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Wednesday, June 23, 2010

Council Establishes Stronger Oversight of City Contracts

On Thursday, June 17th, the Providence City Council voted in favor of an ordinance that provides greater oversight of the City’s Board of Contract and Supply (Providence’s purchasing board). Councilman John J. Igliozzi, the Finance Committee Chairman and sponsor of the legislation, explained that the ordinance establishes a requirement that City contracts to hire private contractors, vendors, and consultants, must be approved by the Council.

Under the new law, certain expenditures that were previously reviewed only by the Board of Contract and Supply will now require the approval of the full City Council. Currently, the Board of Contract and Supply has the authority to grant contracts and leases for multiple years, amend contracts to add significant additional cost to the City, and approve millions of dollars in contracts with no additional oversight. The new ordinance will require Council approval of certain types of spending, including multi-year contracts and leases, contracts totaling more than $500,000, and leases totaling more than $200,000.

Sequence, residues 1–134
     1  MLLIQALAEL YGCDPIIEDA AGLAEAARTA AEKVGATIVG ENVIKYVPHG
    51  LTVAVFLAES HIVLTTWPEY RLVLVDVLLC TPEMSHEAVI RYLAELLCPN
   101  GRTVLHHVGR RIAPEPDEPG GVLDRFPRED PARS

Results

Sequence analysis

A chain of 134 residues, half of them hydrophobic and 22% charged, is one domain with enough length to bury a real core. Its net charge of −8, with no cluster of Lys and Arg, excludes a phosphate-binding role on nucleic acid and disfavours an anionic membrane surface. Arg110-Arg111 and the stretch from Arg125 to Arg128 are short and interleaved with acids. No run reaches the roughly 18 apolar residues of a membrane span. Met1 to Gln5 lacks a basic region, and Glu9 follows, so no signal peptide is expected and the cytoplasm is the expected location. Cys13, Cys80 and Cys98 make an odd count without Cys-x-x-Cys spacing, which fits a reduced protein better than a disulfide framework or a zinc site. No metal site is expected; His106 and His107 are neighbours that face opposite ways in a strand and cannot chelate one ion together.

“This ordinance creates accountability, and establishes effective checks and balances,” said Igliozzi. He added that, “The ordinance brings the City’s purchasing and contract-award practices fully into the public realm, allowing for openness and greater scrutiny.”

He continued, “Before the City authorizes the expenditure of significant amounts of the taxpayers’ money, we must be sure we’ve done all we can keep the cost of government as low as possible. This extra check on the Board of Contract and Supply will provide a valuable safeguard against excessive and unnecessary City spending.”

Indeed, Igliozzi believes that the Council could save Providence taxpayers millions of dollars, stating that, “By enacting this ordinance, the Council is clamping down on the runaway costs often associated with the private contractors and vendors the City hires.” He pointed to provisions in the new ordinance that require Council approval of (1) any amendments to contracts that significantly increase the cost to the City; (2) any contract that did not go to bid because the Board of Contract and Supply deemed one vendor the “sole source,” meaning that it is believed that no other vendor is able to provide the service in question; and (3) any extension beyond one year or $100,000 of an original contract agreement.

“In these tough times, we all need to tighten our belts,” said Igliozzi. “This is just one way the Council is looking inward to cut costs and save taxpayer dollars.”

Upon introduction at the June 3rd Council meeting, the ordinance received a great deal of support, with five other Council members signing on with Igliozzi as co-sponsors.

The Council will vote for second and final passage of the ordinance at the July 1st Council meeting.